Increased demand has resulted in the need for more demanding acceptance criteria with respect to the mechanical and chemical properties of plastics. Due to some of the new structural uses of these materials, it is essential to know how they will behave when subjected to dynamic conditions – i.e. impacts. Dynamic failures of materials are different then those found when testing at slower, steadier speeds. This is especially true of plastics where many variables can affect the material – the way the polymers are used to make a specific material form/lie in the material; whether the resins used are filled or unfilled; addition of color additives; forming processes all affect the strength and durability of not only the end material but the end product as well. Testing per ISO 6603-2 allows both the material engineer and the design engineer to test materials for desired properties such as strength, ductility, toughness and energy absorption.
For this test, we used an Instron 9450 Drop Tower with optional high-energy system, instrumented with a 22kN load cell, 20 mm hemispherical tup insert, DAS (Data Acquisition system) touchcreen dashboard and Bluehill Impact software. We also used our pneumatic clamping system -it can work at room temperature but also below and above zero degrees - with 40 mm diameter adapter plates designed in accordance to this standard. Impact mass was 20 kg and the velocity was set at 4.4 m/s, time range for data acquisition was set to 30 milliseconds.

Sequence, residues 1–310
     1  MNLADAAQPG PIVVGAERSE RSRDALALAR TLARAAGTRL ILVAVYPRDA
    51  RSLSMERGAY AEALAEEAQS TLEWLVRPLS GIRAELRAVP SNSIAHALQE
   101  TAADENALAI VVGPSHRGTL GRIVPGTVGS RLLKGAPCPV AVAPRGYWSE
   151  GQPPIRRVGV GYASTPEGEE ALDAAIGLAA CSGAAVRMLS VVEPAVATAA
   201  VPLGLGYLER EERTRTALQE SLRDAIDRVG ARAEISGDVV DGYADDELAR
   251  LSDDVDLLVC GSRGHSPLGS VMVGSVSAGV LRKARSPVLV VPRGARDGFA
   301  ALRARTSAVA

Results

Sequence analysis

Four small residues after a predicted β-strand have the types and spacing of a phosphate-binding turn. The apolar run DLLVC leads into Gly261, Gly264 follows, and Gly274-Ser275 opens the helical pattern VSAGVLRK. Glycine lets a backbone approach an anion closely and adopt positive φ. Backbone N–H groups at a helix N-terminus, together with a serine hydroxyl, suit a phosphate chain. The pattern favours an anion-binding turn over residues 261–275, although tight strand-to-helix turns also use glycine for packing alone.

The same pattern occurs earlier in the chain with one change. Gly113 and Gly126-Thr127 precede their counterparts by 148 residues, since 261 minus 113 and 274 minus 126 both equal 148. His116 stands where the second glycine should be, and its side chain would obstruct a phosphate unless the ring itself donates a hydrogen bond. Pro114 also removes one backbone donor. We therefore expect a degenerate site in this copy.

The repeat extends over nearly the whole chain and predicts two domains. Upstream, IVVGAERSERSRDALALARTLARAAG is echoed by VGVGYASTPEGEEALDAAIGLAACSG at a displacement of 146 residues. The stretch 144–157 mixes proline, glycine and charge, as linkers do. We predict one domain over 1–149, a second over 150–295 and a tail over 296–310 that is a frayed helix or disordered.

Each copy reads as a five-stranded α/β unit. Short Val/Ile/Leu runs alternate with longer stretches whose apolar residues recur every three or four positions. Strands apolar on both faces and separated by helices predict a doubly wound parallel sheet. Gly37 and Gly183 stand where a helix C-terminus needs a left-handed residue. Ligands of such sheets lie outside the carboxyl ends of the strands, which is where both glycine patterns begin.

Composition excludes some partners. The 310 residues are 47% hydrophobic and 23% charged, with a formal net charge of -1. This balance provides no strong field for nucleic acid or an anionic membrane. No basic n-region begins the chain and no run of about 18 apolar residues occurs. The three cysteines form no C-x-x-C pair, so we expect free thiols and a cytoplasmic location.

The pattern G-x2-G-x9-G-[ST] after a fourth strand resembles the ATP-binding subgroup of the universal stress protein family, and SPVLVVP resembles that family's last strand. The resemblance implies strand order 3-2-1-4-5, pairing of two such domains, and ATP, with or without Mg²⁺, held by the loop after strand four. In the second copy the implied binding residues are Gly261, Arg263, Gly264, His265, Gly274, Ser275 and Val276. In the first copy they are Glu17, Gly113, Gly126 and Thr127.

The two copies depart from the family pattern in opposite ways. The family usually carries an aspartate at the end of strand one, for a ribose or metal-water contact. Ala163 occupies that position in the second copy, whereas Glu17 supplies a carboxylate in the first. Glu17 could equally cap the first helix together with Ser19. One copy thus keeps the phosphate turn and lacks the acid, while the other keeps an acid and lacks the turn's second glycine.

To minimize the adverse effects of friction that occurs between the tup insert and the specimen, the standard calls for the application of a lubricant on the striker tip. The 9450 System can be equipped with an automatic lubrication device that guarantees automated and repeatable oil applications. The available energy used for the test shall be such so that the velocity slowdown is no more than 20% from the beginning of the test to the end of the test. It has been noted that when the available impact energy is at least three times more than the energy at peak load, the velocity slow down is less than 20%.
Tests are to be conducted under the standard laboratory atmosphere of 23 ± 2 degrees C, and 50% relative humidity. By changing the conditioning and testing temperature, and testing in a controlled manner at any given impact velocity, the temperature at which the material transitions from a ductile to brittle failure mode can be established for most plastics.
If the throughput and resources optimization is a concern, the Instron 9450 can also be equipped with smart solutions to test up to 30 specimens fully unmanned or up to 10 specimens with a limited user effort and up to 50% saving in term of cycle time and nitrogen liquid consumption.
This test configuration is well suited for determining the performance characteristics of plastic materials under impact conditions. Both plastic suppliers, compounders and their customers may use test results to verify product performance. Environmental chamber use allows both parties to get an understanding of how the material may perform in colder or warmer applications.